The vast majority of economic data that has been released recently points to a domestic economy that has been improving, albeit at a modest pace. Consider that Initial Claims for Unemployment Benefits, a barometer of the health of the Labor Market, has come in under 400,000 for seventeen consecutive weeks, a number that, according to economists, represents the demarcation line between a growing and contracting labor market. Furthermore, Continuing Claims along with the Duration of Unemployment continues to shrink while the housing market along with housing prices although not robust, have at least stabilized. With the above in mind, investors and consumers would be wise to consider the following.
Generally speaking, bonds and bond funds are inversely correlated to interest rates. As interest rates move up the value of bonds go down and as interest rates move down the value of bonds go up. Given the fact that the bond market has been in a bull market since the early 1980’s as interest rates on U.S. Treasury obligations have plummeted from nearly twenty percent to approximately three percent, in the future one would expect interest rates to stay flat, or more likely to move up from current levels. Should this occur, the value of your bonds would decline. . For example, let’s assume that you invest $20,000 in a U.S. Treasury Note that matures in ten-years at the current interest rate of 2.30%. The interest of $230 ($20,000 times 2.30% divided by two) would be paid semi-annually for a total annual payment of $460. Let us now assume that interest rates on the ten-year U.S. Treasury Note moves up to 3.80%, not an unlikely scenario given the fact that is where it was less than five years ago. An investor at that time would receive $380 every six months or $760 per year as compared to your $230 per month or $460 per year. In addition to receiving less income than the latter investor, should you wish to sell the bond prior to its’ maturity date, you would receive less than what you paid.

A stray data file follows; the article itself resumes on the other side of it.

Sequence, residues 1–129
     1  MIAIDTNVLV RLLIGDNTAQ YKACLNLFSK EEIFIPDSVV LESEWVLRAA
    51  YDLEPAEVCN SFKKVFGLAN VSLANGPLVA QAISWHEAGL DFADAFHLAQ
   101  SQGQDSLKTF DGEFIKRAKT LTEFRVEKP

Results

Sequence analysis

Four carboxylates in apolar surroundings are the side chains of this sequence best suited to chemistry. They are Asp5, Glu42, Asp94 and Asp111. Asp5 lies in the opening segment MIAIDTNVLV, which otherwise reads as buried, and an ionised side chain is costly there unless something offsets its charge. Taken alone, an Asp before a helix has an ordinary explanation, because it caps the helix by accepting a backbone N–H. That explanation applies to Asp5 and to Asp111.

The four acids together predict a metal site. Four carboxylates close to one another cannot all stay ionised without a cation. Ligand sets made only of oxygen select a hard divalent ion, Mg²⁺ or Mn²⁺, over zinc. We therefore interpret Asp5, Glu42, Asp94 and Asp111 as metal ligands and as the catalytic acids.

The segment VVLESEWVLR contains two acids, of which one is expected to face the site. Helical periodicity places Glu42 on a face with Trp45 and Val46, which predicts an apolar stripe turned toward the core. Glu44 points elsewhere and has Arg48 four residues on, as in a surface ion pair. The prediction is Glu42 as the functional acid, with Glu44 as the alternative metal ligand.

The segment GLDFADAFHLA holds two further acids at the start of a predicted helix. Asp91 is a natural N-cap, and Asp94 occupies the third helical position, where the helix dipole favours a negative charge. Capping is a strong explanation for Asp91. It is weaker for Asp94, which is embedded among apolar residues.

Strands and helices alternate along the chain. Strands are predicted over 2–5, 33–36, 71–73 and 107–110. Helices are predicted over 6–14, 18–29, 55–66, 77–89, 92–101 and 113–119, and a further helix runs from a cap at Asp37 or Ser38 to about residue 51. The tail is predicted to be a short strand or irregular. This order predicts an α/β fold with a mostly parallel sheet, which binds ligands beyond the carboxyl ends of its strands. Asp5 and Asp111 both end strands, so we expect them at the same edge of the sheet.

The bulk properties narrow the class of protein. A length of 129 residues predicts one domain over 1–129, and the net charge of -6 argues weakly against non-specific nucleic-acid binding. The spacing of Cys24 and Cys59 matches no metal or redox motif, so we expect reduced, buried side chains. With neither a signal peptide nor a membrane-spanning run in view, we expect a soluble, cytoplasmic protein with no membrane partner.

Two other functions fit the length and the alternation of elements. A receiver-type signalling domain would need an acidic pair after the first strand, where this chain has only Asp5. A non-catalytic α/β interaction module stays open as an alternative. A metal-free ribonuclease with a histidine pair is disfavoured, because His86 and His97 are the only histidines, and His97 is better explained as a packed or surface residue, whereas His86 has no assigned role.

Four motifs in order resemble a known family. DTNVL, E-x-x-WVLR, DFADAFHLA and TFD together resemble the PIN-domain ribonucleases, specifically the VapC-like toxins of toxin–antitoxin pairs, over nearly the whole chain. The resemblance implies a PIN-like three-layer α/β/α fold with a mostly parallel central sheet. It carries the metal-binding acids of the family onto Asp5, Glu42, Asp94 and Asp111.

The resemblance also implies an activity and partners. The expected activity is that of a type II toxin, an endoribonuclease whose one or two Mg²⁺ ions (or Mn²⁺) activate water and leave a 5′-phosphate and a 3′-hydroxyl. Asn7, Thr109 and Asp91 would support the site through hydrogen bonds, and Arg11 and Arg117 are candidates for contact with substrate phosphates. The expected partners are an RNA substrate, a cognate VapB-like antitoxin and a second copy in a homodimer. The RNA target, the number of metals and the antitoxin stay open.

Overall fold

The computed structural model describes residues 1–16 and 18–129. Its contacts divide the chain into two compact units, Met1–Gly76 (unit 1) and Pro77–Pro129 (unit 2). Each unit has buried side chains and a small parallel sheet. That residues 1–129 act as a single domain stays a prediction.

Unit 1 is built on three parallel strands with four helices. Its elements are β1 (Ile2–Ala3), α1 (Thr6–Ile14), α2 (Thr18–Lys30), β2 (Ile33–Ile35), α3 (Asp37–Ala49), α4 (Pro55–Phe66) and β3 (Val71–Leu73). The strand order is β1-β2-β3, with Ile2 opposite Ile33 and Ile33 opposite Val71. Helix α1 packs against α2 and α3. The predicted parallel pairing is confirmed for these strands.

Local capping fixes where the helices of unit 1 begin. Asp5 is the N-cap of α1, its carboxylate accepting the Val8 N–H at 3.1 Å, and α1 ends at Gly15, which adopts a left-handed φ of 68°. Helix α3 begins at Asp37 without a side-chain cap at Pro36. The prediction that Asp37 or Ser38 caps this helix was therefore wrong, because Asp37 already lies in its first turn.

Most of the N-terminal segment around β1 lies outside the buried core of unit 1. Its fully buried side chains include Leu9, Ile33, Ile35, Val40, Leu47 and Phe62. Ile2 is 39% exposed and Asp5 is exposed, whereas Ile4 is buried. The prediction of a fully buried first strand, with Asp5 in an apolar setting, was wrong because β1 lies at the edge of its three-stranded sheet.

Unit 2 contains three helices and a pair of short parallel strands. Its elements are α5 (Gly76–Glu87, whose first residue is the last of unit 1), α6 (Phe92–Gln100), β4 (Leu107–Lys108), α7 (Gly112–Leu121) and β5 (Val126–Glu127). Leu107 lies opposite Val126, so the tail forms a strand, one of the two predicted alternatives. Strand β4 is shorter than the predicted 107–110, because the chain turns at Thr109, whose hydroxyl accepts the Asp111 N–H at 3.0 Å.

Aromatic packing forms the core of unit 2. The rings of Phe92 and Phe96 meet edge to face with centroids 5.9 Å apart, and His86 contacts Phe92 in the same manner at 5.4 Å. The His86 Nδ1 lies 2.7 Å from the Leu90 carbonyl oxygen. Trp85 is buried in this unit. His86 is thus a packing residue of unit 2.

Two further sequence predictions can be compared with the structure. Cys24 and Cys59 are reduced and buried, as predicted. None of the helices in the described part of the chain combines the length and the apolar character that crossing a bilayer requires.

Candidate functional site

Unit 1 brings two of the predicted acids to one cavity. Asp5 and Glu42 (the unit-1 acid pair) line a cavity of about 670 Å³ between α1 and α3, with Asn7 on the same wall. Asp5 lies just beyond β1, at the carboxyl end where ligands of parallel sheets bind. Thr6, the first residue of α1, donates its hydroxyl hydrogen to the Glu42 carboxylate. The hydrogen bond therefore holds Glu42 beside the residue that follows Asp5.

Our recommendation would be to consider shortening up the average maturity date of your bond portfolio to less than ten-years and in conjunction with this, beginning laddering that portfolio. Laddering consists of investing an equal amount over similar increments of time. For example, should you have a total of $100,000 to invest, place $20,000 in five separate bonds that mature in two, four, six, eight and ten years. Furthermore, once these bonds mature, purchase a ten-year bond, thereby keeping the “ladder” intact.
A second step to consider would be to refinance your mortgage debt now. Interest rates on home loans are at or near fifty year lows. There is much greater risk that they will head up substantially from here rather than continue downward. Also, if you refinance now and rates do continue downward, just refinance again if it is to your benefit.
Inflation is not a dirty word, especially after our economy has been flirting with a deflationary environment over the past five years. That said, with an improving economy comes a ratcheting up of demand relative to supply and therefore some upward (inflationary) pricing pressure on goods, services and hopefully wages. We would recommend that in order to offset the erosionary impact of inflation on purchasing power, an investment into Treasury Inflation Protected Securities (TIPS). TIPS are offered by the Treasury Department and pay a nominal yield along with an added rate of return that is measured by the Consumer Price Index.
There you go – three steps you can take now in order to either protect yourself against rising interest rates or to benefit from them. Now get it done.